Top Girls

Caryl Churchill
Chichester Festival/Out of Joint production
Trafalgar Studios 1
(2011)

Top Girls production photo

Revisiting a play that he first directed on its debut 29 years ago, Max Stafford-Clark has worked wonders.

Top Girls provided caustic commentary on its own time, the early years of Margaret Thatcher's premiership. It could be argued that with a new Conservative-led Government propounding the benefits of what it calls The Big Society, this revival is timely.

The first act is one of the most memorable in the last few decades. Marlene, superbly rendered by Suranne Jones, has invited a group of female friends to a dinner party at the appropriately named La Prima Donna restaurant.

This is no ordinary group, as each of her guests comes from a different time and place. Every one of them is a feisty female who has found a place in history by showing that women can be high achievers in a man's world.

With such a strong-willed group, there is inevitably a great deal of one-up(wo)manship on show, particularly when intrepid Scottish explorer, Isabella Bird (Stella Gonet) is outdone by Japanese concubine, Lady Nijo (Catherine McCormack).

It also becomes hard to keep Lucy Briers' cross-dressing Pope Joan down. However, the eye is more regularly caught by the almost silent magpie, Dull Gret, Olivia Poulet playing the character immortalised by Brueghel.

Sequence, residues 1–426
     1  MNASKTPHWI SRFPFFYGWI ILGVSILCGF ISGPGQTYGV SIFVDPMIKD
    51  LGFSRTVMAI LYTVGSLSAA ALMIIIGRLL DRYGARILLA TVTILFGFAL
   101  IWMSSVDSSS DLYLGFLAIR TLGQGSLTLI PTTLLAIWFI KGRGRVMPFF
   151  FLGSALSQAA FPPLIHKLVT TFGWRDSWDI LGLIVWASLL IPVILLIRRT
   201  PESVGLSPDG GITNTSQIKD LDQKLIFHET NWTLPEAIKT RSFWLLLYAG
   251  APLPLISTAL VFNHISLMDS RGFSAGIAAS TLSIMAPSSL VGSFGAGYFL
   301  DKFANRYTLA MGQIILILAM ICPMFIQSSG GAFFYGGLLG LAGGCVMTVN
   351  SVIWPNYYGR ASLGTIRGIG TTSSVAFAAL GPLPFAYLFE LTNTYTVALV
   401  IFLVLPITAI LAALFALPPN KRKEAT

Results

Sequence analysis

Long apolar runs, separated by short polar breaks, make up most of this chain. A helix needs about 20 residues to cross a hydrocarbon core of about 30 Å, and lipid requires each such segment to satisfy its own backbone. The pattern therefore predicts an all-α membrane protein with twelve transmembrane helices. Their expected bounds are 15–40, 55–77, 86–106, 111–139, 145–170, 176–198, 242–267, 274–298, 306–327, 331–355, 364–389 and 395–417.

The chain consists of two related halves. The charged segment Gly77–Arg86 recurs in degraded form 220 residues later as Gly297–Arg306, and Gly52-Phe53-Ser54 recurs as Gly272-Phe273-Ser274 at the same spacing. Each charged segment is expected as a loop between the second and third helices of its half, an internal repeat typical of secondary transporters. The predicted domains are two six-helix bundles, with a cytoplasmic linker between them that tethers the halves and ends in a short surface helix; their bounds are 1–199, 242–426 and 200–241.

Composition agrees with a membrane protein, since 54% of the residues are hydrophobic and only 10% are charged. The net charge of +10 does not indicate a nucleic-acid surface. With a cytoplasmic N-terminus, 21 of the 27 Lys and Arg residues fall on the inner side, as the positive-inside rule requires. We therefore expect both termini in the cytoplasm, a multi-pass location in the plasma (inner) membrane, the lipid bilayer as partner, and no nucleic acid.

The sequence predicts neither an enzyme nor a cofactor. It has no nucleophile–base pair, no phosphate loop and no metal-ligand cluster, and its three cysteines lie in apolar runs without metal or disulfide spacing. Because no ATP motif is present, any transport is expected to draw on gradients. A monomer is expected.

The director has the courage to allow his characters to speak across each other, presenting an accurate representation of a real dinner party and portraying these individuals with startling realism.

After the first interval, the scene moves to the rural Suffolk home of Marlene's sister Joyce (Miss Gonet again) and her mildly retarded daughter Angie (Miss Poulet). Their arguments become so heated that Angie decamps to London to visit her much-loved though rarely-seen Auntie.

They meet at the offices of the eponymous feminist employment agency, Top Girls, in which Marlene has just succeeded to managing director, happily walking over her male competitor.

Now, we are able to see this businesswoman in her true light as a ruthless, power-dressing Thatcher clone, which was undoubtedly Caryl Churchill's intention.

She rules the roost over an office filled with bitchy, aspirant Marlenes led by Miss McCormack and Laura Elphinstone. The contrast between these hard-nosed, wealth generators and simple Angie could hardly be more pronounced. While they have mild sympathy for the girl, her aunt regards her as someone who is nothing more than a literal waste of space.

Following the second interval, perspective is given to the previous act as we track back in time to see a visit that Marlene pays to Joyce and Angie during which some family skeletons are unleashed from the bare cupboard.

Max Stafford-Clark and his excellent cast do a wonderful job of giving Top Girls a feeling of immediacy. In particular, this production ensures that we are fully able (as with Cloud Nine) to see the subtle correspondences between the famous ladies in the first act and their modern day equivalents portrayed by the same actors later in the play.

In conclusion, anybody with an interest in feminism, politics of the last 30 or so years or just enjoying a good night out at the theatre should race to the Trafalgar Studios.

Sheila Connor reviewed this production at Chichester

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Reviewer: Philip Fisher